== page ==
5 Ways to Stop Being a Fake

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5 Ways to Stop Being a Fake

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Have you ever fallen prey to this epidemic?

In Mindful Living by Design, we always address the phenomenon of the Imposter Syndrome. It’s a syndrome that seems to beleaguer many of us, regardless of gender, race, or class. It’s the feeling of “oh my gosh, someone is going to find out that I have no idea what I’m doing.” It’s feeling like being the Biggest Fake, even if others think we have “made it.” It comes to no surprise, then, that this topic is gaining more attention by the mainstream media. The good thing is that by talking about this Syndrome in a public forum (with public personas admitting to having it – see Dr. Maria Klawe’s, Harvey Mudd College’s president, recent article ), we can begin to realize that we are not alone. We can also recognize that we can shift from feeling like a fraud to finding a sense of personal motivation and confidence.

Self-Confidence

As many of you who have been following will know how much I adore the work by Amy Cuddy. Please check out her TedX talk on body language and power dynamics if you haven’t already done so. Another great talk is from Dr. Ivan Joseph, who shares observations of how to get rid of the negative Self Talk we all do and build our sense of confidence. As he notes, there are enough people telling us we can’t do something, so why would we want to say the same thing to ourselves? By practicing, focusing on what we do well, and changing our perspective, our sense of confidence can soar while removing that little voice telling us we are frauds.

We all have those moments of feeling like a fraud. However, we can find ways to dismiss those feelings before they start guiding our action.

1. Remember others feel like Imposters too
Sometimes, it doesn’t matter if others have told us we’re great at what we do or that we have shiny academic credentials. We still often think we are the only one in the room with a big cloud over our heads and that we should keep our head down for fear that someone will soon discover that we have no clue what we are doing, wonder why they hired us in the first place, or that one misstep will reveal all our foibles. That we don’t belong. Keeping in mind that many of us are likely thinking the same can help us get out of our heads. In fact, most people are likely so concerned about their own feelings of inadequacy, they really don’t have time to pay attention to your perceived one. After all, if Tina Fey and Maya Angelou can feel like fakes sometimes, we’re not alone.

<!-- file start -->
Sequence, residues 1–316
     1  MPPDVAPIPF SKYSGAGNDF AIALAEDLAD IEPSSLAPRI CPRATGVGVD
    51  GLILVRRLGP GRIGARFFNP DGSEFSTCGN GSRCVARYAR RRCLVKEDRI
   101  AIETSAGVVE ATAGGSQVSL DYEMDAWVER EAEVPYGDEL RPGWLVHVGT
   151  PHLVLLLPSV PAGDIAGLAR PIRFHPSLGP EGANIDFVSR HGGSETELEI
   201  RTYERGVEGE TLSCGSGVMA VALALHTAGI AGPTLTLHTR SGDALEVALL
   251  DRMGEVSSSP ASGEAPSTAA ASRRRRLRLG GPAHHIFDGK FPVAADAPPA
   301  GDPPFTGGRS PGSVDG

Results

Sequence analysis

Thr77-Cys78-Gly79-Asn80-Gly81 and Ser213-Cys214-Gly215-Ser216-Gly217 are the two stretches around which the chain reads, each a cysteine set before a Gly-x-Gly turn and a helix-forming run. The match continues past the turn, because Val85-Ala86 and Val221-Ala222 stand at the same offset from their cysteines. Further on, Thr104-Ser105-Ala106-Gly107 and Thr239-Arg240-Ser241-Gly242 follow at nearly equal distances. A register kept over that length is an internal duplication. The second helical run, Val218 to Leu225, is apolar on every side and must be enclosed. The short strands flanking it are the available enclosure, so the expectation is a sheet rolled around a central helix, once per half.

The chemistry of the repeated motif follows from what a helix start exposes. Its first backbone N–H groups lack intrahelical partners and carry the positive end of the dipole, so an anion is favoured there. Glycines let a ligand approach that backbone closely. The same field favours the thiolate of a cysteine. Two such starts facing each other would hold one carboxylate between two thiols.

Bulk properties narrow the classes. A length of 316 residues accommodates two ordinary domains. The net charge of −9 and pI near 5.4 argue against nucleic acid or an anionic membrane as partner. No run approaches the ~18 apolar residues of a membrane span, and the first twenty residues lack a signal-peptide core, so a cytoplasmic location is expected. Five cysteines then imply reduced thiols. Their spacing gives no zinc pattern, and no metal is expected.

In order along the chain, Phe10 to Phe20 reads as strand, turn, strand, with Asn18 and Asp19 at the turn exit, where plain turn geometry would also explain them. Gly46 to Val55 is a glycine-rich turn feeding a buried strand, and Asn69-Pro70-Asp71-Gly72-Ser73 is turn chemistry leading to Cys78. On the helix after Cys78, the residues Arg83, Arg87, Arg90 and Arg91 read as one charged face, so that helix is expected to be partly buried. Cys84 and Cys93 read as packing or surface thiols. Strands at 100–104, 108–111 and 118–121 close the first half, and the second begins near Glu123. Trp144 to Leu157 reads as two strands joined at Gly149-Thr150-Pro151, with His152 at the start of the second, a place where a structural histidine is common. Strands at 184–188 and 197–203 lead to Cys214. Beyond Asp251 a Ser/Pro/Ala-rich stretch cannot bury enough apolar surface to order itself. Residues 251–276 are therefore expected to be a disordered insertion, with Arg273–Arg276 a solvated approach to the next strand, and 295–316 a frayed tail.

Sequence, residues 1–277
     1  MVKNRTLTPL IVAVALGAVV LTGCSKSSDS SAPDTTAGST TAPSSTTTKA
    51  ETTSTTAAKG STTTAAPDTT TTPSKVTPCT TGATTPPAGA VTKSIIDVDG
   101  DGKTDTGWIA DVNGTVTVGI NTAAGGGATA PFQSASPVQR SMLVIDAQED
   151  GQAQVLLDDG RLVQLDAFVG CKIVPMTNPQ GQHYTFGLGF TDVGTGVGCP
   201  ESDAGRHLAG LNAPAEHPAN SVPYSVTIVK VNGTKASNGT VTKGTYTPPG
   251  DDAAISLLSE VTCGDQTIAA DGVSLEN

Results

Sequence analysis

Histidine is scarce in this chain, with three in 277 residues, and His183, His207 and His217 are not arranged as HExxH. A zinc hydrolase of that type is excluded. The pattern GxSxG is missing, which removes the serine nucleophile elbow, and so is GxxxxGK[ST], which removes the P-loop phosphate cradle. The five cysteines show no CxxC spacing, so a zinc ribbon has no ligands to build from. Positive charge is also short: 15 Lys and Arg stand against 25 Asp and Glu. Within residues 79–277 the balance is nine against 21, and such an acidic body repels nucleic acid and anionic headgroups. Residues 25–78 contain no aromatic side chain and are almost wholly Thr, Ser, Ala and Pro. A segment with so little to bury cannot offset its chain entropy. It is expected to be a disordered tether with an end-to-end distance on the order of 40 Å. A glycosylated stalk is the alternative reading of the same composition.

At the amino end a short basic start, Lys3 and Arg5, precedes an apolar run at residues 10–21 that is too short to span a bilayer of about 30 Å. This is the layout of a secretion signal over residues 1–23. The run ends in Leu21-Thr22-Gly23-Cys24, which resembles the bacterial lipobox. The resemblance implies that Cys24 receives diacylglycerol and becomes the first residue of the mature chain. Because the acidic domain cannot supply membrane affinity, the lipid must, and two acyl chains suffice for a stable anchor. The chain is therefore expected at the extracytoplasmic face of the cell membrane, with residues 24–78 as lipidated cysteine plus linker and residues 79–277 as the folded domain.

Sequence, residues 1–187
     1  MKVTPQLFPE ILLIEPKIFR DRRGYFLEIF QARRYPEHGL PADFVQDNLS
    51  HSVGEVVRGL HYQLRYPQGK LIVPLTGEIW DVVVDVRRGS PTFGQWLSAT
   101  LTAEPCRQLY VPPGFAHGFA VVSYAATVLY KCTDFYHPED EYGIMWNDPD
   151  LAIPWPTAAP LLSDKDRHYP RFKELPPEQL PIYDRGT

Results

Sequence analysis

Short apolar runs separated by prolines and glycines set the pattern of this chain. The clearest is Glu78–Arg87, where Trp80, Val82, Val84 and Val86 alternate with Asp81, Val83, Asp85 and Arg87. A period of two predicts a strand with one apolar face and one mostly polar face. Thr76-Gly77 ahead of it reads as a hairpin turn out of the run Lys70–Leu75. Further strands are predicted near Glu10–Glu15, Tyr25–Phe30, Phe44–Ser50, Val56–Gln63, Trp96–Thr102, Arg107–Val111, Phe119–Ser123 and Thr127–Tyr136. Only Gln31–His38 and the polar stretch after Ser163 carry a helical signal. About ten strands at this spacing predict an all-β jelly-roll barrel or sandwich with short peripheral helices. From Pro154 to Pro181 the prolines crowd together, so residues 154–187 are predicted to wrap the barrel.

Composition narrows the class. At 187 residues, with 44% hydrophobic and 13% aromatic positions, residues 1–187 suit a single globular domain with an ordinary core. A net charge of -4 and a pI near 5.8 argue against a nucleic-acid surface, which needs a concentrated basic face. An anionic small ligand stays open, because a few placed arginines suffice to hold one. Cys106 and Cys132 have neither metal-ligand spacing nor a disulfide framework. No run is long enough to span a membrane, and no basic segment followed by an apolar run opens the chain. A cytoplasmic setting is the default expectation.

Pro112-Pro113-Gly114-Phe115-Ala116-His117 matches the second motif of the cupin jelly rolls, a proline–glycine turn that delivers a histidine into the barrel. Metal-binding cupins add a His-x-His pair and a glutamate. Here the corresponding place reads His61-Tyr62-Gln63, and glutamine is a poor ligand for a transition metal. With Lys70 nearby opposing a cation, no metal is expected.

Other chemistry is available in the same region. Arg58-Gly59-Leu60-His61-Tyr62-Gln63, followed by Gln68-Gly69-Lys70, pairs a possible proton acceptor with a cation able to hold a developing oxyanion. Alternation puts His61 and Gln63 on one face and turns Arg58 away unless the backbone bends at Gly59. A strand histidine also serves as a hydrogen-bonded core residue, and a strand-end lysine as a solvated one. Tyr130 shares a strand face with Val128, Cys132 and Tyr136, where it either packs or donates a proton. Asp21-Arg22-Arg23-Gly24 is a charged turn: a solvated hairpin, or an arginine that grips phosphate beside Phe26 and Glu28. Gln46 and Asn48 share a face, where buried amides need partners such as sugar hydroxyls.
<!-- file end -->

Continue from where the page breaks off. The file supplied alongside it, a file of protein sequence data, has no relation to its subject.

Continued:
2. Refocus your energy
If you feel like an Imposter, you likely expend a lot of energy worrying that someone will find out or focused on how to avoid “being found out.” By the end of the day, you’re exhausted. All that energy leads to nothing but wasted time and a depressed soul. Imagine redirecting that energy to focus on the present, your natural strengths, and doing what you need to get done well. Focusing on your natural strengths is a far more enjoyable and positive approach to growth. Your performance will increase, and with it, your confidence. You will also feel re-energized as you become more productive and alive.

3. Don’t mind others
Imagine if you were a celebrity and sought every sense of your self-worth from the tabloids (unfortunately, some do). Even if we haven’t quite made it to the tabloids (be grateful), many of us rest our sense of self and identity on what others think. 

While relying on peer opinion is more natural during the adolescent years, as we mature, it’s essential to not worry about what so-and-so thinks, and instead focus on our internal sense of value and self worth. The reality is that most people don’t really care or have the time to worry about what you’re doing. And if they are, they are reflecting their own sense of insecurities. While we can be generous to support them in releasing those insecurities, when we try to lead more authentic lives, we stop concerning ourselves with others and more on letting our own natural light shine.


4. Look for ways to fail
While actively seeking out ways to fail sounds like the worst remedy for relieving a syndrome where we already feel like failures, this process can help us in many positive ways. Learning to fail helps us to be comfortable with the feeling – it’s not a great one, but as we’ve all experienced it, we also know that it’s never the end of the world and that we’re going to be OK. It also gives us permission to try things that we otherwise would not because of fear of being found out. Complacency is hiding. Complacency is letting our Imposter Selves become our selves. Taking risks – and yes, embracing failure – is the only way we can continue to grow and live.

5. Surround yourself with true friends

Research has shown that many of us overestimate our abilities in some areas, while underestimating in others. If we surround ourselves with naysayers, we’re going to always be told we’re not good enough. If we surround ourselves with yes-men, we’re going to always be told we’re the Best Thing Ever. It’s important to have a few true friends and confidants who truly support you and want the best for you. Consider a few people – both close friends and professional acquaintances, i.e., mentors – who will not be afraid to tell you the truth, good or bad.
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